An Australian student spent time with West Bank Palestinian farmers and Jewish activists. She wrote a lengthy account of her impressions and experiences concluding, “It's another world over the green line, a racial disharmony that is tarnishing Israel's image and destroying hopes for peace, a world, beach going tel avivians (sic) would, understandably, want to forget or be naive about.” 

            This young woman told us many times how great being in Israel is for
her. She loves the country, and hopes for peace. She is no wailing keener condemning Israel.
             Students traveled to Sderot.  One young woman from Texas “with my good friend…from Belgium” writes, “The city and its people are very strong…. The fact that we are together – two jews (sic) from opposite sides of the world – is an amazing accomplishment that goes to show how the Jewish people have progressed and survived throughout time and history. Even when our enemies try to destroy us, we always come together and persevere.”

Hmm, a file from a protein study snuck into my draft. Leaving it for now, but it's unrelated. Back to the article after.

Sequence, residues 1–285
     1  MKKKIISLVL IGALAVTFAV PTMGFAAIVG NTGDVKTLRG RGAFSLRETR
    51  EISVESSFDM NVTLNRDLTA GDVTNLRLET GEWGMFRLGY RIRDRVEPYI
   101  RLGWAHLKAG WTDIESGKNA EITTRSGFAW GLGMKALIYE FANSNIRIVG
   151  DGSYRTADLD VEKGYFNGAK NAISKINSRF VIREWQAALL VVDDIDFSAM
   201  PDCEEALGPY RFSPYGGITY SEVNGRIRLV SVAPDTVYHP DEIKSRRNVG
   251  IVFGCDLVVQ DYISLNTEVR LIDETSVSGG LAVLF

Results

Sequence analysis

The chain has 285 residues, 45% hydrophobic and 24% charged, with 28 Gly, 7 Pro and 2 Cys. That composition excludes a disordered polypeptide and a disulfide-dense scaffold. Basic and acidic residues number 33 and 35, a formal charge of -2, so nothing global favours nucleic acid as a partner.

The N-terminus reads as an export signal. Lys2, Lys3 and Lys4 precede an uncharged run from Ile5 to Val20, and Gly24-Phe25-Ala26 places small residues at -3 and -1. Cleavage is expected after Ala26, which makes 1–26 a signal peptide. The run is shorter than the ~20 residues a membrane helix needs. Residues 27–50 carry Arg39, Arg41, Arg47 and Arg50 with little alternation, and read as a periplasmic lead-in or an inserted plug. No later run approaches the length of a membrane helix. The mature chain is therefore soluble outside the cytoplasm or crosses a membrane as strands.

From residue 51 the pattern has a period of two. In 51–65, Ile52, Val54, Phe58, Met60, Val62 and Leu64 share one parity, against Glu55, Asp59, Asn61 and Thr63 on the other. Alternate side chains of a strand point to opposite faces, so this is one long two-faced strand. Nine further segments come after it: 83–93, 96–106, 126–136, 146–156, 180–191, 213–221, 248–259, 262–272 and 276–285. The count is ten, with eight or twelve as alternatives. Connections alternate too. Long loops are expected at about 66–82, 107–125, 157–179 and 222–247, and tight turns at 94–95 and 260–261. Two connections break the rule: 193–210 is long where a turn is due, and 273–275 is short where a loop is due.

Their age, culture, and education practically demand the students fulfill the picture image written by Professor Ruth Scurr of French revolutionaries; i.e., they give “passionate witness to the grievances of the poor and virtues of the meek or oppressed betrayed by history….” These young students who choose to come to Israel, are prescient minds sometimes designing simplistic conceptualizations, but full of trenchant moral insights. They embody the dissonance of Israel and Diaspora, of the left and right, of students with a worldview and commitment to the Jewish people. They personify Shel Silverstein’s poem,
“I will not play at tug o’war. I’d rather play at hug o’war, Where everyone hugs Instead of tugs, where everyone giggles And rolls on the rug, Where everyone kisses, And everyone grins, And everyone cuddles, And everyone wins,” but never at the expense of the continuing existence of the Jewish State.  

Dr. Goldmeier was a Research and Teaching Fellow at Harvard, worked for four Governors, and recently sold his business in Chicago. He is a business management consultant, teaches international university students American Jewish University Aardvark Gap Year Program in Tel Aviv, writes a column in The Jerusalem Post, Seeking Alpha, Life in Israel, Arutz Sheva, and is a public speaker.